If you haven't compared rates for auto insurance lately, give it a try -- there's a good chance you could lower your premiums. Sometimes an insurer will raise rates across the board, even for drivers with spotless records, and sometimes a change in your situation will prompt a rate spike. You may be able to save by jumping to another insurer.
1. You've been ignoring the GEICO gecko. When you reshop your rates, try an independent agent at www.iiaba.net, get price quotes at www.insweb.com, or contact insurers directly, such as at www.allstate.com, www.geico.com, www.progressive.com or www.statefarm.com. Before you switch, see how much you can save by raising your deductibles (boosting the collision deductible from $250 to $1,000 can save you 20% or more).
2. You got a speeding ticket or had an accident. In most states, tickets and at-fault accidents remain on your driving record for three or five years. Longtime customers with good driving records may not get a rate hike at all. But many insurers check motor-vehicle records every 12 or 18 months, so a speeding ticket could bump up your rates long after you were pulled over.
If your rate does rise -- and especially if your policy is canceled -- shop around immediately. Prospective insurers will pull your record, but some insurers care less than others about the incident. And when the accident or ticket drops off your motor-vehicle record, ask your insurer to remove the surcharge and then reshop your policy, too.
3. You have a teenage driver. A new teenage driver increases a two-car family's auto-insurance bill by an average of 58%, according to Insurance.com. Some insurers charge a lot more for teenagers, so when your teen starts to drive it's time to shop around. "One insurer's rates for young drivers can be as much as four times as high as another's," says Michael McCartin, an independent agent in College Park, Md.
You'll usually get the best deal by keeping your teen on your auto-insurance policy -- even if your child is the principal driver of the vehicle he is assigned to. You will benefit from multicar and multipolicy discounts if you have homeowners coverage with the same insurer. Your child may also inherit other discounts -- for example, at Travelers, kids get a safe-driver discount if their parents have had a clean driving record for five years -- and most insurers offer a break of up to 15% for a grade-point average of 3.0 or higher. And if your kid goes to college more than 100 or 150 miles away without a car, you can qualify for a hefty discount. (Learn more about cutting insurance costs for teen drivers.)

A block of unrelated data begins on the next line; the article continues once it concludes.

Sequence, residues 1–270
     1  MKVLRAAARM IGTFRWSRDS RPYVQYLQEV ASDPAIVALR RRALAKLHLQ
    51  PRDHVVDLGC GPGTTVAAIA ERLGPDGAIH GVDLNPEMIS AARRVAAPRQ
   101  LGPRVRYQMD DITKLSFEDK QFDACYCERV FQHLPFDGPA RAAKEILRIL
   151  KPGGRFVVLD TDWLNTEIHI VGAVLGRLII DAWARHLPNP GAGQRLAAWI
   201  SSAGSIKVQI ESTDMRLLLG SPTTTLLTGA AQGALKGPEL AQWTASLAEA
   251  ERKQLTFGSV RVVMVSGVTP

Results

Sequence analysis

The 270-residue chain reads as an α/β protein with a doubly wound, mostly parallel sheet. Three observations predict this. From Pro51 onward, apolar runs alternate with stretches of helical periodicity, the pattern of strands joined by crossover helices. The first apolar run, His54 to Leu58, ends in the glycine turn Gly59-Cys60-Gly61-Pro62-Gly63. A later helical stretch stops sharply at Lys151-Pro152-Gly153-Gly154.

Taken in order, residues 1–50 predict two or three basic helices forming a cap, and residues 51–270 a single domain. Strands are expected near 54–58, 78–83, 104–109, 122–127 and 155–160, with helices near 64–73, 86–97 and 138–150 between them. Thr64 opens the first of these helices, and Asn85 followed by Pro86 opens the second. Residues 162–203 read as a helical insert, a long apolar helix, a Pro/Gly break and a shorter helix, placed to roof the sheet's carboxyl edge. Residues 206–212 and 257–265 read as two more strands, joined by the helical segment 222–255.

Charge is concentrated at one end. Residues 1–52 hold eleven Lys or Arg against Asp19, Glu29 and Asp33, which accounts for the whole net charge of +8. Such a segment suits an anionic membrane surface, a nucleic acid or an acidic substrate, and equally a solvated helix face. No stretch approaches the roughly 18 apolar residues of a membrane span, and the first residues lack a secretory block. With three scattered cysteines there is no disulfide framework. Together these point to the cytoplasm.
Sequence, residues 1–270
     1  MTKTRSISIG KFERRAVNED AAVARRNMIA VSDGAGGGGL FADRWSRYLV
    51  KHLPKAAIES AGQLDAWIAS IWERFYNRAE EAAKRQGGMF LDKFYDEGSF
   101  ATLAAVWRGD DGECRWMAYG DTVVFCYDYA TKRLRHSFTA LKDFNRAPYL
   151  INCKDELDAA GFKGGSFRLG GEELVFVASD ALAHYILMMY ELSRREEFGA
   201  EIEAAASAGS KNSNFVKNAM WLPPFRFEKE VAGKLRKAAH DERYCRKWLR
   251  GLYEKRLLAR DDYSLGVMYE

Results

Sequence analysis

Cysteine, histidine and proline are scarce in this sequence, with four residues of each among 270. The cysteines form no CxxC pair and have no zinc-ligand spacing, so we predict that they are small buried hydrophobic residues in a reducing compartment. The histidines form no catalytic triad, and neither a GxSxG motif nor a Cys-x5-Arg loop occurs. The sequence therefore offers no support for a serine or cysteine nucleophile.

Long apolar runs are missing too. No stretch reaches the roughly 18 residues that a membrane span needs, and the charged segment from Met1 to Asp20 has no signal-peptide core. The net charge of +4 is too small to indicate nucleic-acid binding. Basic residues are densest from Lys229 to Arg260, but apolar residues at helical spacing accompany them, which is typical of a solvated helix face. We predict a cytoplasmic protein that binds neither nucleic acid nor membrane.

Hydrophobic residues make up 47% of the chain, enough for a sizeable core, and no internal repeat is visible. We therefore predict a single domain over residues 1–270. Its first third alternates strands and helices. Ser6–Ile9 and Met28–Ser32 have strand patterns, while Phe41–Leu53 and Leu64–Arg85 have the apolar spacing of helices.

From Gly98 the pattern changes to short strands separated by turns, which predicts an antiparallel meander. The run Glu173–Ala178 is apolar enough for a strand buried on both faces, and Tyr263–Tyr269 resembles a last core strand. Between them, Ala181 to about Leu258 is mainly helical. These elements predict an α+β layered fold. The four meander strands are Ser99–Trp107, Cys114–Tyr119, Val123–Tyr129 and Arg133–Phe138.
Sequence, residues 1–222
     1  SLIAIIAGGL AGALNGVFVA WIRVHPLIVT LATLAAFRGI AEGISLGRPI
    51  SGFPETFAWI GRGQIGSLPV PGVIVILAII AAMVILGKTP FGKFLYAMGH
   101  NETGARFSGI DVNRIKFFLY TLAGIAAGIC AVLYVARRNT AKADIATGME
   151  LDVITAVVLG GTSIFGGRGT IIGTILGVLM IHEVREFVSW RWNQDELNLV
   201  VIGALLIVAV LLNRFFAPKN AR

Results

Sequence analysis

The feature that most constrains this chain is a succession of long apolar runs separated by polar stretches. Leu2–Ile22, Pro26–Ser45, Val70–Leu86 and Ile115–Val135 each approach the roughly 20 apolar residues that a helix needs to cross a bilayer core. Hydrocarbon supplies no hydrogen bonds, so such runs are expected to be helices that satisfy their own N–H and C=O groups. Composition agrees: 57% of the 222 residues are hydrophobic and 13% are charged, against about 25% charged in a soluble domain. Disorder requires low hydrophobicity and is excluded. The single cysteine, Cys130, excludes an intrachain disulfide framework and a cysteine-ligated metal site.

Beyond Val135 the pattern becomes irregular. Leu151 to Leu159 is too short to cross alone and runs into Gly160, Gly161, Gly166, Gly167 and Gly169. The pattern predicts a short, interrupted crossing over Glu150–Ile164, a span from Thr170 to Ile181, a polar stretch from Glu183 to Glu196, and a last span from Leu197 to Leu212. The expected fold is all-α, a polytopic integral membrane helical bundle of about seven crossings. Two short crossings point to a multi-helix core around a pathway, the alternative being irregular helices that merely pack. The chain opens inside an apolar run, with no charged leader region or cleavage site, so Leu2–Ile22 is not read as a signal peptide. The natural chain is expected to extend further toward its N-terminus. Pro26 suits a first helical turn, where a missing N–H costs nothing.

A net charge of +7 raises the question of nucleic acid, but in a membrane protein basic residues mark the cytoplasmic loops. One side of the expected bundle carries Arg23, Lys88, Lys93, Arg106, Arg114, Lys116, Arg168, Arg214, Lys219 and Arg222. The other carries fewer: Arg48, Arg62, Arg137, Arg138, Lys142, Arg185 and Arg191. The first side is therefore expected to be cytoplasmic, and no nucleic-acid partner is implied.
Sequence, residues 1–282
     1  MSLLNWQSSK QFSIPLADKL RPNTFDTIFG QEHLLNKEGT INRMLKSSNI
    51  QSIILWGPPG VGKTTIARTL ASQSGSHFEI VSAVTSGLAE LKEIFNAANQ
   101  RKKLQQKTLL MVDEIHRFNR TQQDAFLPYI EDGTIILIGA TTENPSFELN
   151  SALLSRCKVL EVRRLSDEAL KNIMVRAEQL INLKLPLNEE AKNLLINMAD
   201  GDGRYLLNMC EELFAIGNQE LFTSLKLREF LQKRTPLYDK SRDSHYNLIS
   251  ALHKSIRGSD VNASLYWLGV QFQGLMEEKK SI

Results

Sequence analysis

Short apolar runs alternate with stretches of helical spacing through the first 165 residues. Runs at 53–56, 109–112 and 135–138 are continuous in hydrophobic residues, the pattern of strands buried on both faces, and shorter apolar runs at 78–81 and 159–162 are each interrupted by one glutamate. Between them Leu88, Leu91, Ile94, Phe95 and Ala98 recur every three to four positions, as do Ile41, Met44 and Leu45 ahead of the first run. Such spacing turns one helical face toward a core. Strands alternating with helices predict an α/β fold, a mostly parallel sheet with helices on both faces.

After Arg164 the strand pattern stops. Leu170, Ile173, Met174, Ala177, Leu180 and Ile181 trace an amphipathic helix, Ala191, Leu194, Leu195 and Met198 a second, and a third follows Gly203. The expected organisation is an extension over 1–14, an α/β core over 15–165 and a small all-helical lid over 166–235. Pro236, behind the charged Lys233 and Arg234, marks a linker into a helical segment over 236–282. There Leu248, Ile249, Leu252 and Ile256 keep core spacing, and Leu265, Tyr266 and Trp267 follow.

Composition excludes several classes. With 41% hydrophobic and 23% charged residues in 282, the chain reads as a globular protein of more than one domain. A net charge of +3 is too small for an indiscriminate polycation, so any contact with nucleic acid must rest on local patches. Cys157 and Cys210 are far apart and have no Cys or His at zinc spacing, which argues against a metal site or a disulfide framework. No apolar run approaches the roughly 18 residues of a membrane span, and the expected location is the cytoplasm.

4. You're buying a new car. Insurance costs can vary a lot depending on the car's safety and theft record and the cost to repair it. Compare premiums from a few contenders before you make your final decision. An InsWeb study found that the Kia Sedona, Mazda5, Ford Escape and Hyundai Santa Fe are the least expensive to insure, while the Acura ZDX, Audi TTS, Audi A5 and Cadillac Escalade were the most expensive (see 10 Cheapest Cars to Insure).
Brad Cooper, of InsWeb, points out that vehicles that cost the least to insure may have other factors that keep premiums low. For example, a four-cylinder car with moderate horsepower is usually less expensive to insure than a six- or eight-cylinder car.
As the "Ask Kim" columnist for Kiplinger's Personal Finance, Lankford receives hundreds of personal finance questions from readers every month. She is the author of Rescue Your Financial Life (McGraw-Hill, 2003), The Insurance Maze: How You Can Save Money on Insurance -- and Still Get the Coverage You Need (Kaplan, 2006), Kiplinger's Ask Kim for Money Smart Solutions (Kaplan, 2007) and The Kiplinger/BBB Personal Finance Guide for Military Families. She is frequently featured as a financial expert on television and radio, including NBC's Today Show, CNN, CNBC and National Public Radio.
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